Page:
Birth weight specific mortality rate (BWSMR)

The Birth Weight Specific Mortality Rate (BWSMR) is a stratification of a newborn mortality rate by birth weight grouping. (See indicator Neonatal mortality rate (NMR.)) For example, the Birth Weight Specific Neonatal Mortality Rate for births over 2,500g is calculated as:

(Number of neonatal deaths weighing over 2,500 g at birth / Total number of live births weighing over 2,500 g at birth) x 100

And for births under 2,500g is calculated as:

(Number of neonatal deaths weighing under 2,500g at birth / Total number of live births weighing under 2,500g at birth) x 100

Evaluators can calculate BWSMR for perinatal deaths and stillbirths on the same basis.


Number of deaths in a particular birth weight grouping and total number of births in the same weight grouping


Service statistics

HIS may collect data for this indicator in highly developed systems.


As discussed in the preceding sections, birth weight is one of the most sensitive predictors of infant survival and is also a good predictor of maternal health and well-being. The mortality rate for low birth weight babies is much higher than for those with a normal birth weight. Stratifying newborn deaths by birth weight helps to determine the cause of death and therefore to identify where interventions are needed. For example, deaths of very small babies are more likely related to maternal causes predisposing to intrauterine growth retardation and preterm birth, whereas deaths of normal birth weight babies are more likely to be related to intrapartum asphyxia and poor obstetric care. In the first case, interventions should focus on the mother (improving nutrition and reducing antenatal infection) and, in the second case, should focus on improving the quality of delivery care. Evaluators can obtain additional information by stratifying birth weight by time of death.

Potential Causes of Death for Specific Age and Birth Weight Categories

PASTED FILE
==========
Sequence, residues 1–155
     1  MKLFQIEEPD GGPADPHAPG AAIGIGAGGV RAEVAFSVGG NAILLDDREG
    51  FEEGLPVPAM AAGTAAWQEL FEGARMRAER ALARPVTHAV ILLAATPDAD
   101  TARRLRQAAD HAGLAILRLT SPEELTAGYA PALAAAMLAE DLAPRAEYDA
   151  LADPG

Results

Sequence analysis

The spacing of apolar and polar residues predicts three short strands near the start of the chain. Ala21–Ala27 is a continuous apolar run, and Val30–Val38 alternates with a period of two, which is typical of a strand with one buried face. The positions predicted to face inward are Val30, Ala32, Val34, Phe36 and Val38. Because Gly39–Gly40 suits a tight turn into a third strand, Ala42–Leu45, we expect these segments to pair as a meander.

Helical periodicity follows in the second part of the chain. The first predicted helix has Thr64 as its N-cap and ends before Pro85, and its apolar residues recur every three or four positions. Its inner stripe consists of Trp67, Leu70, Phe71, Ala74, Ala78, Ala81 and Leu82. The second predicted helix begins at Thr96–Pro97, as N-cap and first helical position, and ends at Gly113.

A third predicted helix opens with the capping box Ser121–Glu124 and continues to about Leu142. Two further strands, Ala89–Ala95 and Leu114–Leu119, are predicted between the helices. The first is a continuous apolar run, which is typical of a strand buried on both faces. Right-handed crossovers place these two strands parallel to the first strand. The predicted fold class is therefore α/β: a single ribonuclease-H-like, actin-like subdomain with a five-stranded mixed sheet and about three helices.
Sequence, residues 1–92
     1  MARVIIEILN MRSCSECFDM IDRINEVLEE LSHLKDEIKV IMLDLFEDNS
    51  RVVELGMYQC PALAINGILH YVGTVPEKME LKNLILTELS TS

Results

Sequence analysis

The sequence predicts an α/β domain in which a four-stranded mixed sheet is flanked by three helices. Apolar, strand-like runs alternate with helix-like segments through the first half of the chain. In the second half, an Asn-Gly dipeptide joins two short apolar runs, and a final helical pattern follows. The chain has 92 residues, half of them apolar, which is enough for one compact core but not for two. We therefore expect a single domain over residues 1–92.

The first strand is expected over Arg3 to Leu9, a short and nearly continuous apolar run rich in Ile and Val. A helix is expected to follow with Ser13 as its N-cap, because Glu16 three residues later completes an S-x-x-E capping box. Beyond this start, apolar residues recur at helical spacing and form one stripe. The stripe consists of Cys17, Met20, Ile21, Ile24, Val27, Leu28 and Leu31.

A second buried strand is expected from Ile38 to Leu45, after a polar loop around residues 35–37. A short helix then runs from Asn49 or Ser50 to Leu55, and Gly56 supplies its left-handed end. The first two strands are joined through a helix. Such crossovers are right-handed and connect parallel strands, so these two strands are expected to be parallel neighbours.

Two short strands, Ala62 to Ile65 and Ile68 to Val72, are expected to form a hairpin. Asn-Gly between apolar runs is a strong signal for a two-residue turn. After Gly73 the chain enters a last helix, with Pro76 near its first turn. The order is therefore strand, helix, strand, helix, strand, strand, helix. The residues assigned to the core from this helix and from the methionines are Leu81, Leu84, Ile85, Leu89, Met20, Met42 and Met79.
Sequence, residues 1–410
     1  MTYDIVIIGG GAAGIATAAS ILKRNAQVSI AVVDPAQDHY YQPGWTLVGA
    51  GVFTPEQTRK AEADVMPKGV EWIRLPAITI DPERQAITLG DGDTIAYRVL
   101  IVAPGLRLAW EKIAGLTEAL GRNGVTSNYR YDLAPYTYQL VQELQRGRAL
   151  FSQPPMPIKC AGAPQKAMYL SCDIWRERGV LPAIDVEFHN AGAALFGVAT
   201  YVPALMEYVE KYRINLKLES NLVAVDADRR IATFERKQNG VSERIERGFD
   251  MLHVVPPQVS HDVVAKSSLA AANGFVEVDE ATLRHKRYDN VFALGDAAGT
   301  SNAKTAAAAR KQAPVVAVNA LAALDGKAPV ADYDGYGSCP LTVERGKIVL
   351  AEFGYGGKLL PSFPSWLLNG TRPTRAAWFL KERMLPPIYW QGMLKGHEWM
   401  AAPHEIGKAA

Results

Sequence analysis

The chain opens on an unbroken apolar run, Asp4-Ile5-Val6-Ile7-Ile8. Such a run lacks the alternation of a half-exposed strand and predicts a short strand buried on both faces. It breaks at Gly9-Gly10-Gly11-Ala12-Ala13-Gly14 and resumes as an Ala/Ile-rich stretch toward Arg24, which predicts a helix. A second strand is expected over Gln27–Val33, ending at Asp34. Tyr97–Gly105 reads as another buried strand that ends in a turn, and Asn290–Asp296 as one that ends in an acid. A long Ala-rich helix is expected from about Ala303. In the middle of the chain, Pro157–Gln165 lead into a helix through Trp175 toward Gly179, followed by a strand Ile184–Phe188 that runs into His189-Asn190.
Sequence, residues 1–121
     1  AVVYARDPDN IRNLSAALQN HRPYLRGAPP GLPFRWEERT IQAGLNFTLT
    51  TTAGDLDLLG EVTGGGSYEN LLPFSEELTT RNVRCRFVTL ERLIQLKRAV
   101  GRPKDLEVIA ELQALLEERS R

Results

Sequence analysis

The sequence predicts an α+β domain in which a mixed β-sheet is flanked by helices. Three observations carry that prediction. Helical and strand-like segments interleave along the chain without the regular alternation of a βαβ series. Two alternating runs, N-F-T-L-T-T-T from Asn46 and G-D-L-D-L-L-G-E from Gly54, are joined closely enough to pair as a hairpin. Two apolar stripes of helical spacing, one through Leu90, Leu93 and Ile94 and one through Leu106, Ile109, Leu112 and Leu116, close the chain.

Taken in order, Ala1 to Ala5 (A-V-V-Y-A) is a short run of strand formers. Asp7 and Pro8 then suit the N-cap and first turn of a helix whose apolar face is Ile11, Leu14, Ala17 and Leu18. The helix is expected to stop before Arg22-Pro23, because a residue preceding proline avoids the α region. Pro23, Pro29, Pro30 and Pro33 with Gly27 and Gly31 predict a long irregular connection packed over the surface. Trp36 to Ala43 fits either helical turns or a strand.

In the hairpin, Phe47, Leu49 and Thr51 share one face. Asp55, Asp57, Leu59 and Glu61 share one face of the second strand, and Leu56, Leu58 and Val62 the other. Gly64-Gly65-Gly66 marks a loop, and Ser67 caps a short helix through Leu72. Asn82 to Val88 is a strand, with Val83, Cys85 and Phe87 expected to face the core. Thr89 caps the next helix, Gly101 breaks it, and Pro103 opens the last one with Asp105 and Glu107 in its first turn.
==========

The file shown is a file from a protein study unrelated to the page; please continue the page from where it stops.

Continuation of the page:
WeightFetal DeathIntrapartum Death

Early Neonatal Death

Late Neonatal Death
Less than 2500g

Maternal infection (e.g. malaria, syphilis, other STIs)

Medical complications

Antepartum hemorrage

Hypertensive disease

Complications of preterm labor/IUGR

Asphyxia

Complications of preterm labor/IUGR

Infections

Infections (ARI)

Late complications of prematurity

Tetanus

2500g and above 

Maternal infection (e.g. malaria, syphilis, other STIs)

Medical complications

Antepartum hemorrage

Hypertensive disease

Asphyxia and birth trauma

Maternal infection

Asphyxia and birth trauma

Infection

Infections (ARI)

Tetanus


Evaluators can collect this type of indicator only in settings where all babies are weighed. It is therefore most appropriate for use in health facilities but has served in some community settings as part of a maternal and perinatal health care surveillance system (McCarthy, Lawn, and Ross, 2001).

One useful application of this type of disaggregation is to examine the number of intrapartum deaths in normal birth weight babies. If the quality of obstetric care is good (and women are not presenting very late in labor), then very few intrapartum deaths should occur because deliveries are expedited rapidly. The proportion of stillbirths in babies of normal birth weight may serve as a proxy indicator for intrapartum asphyxia and quality of delivery care.

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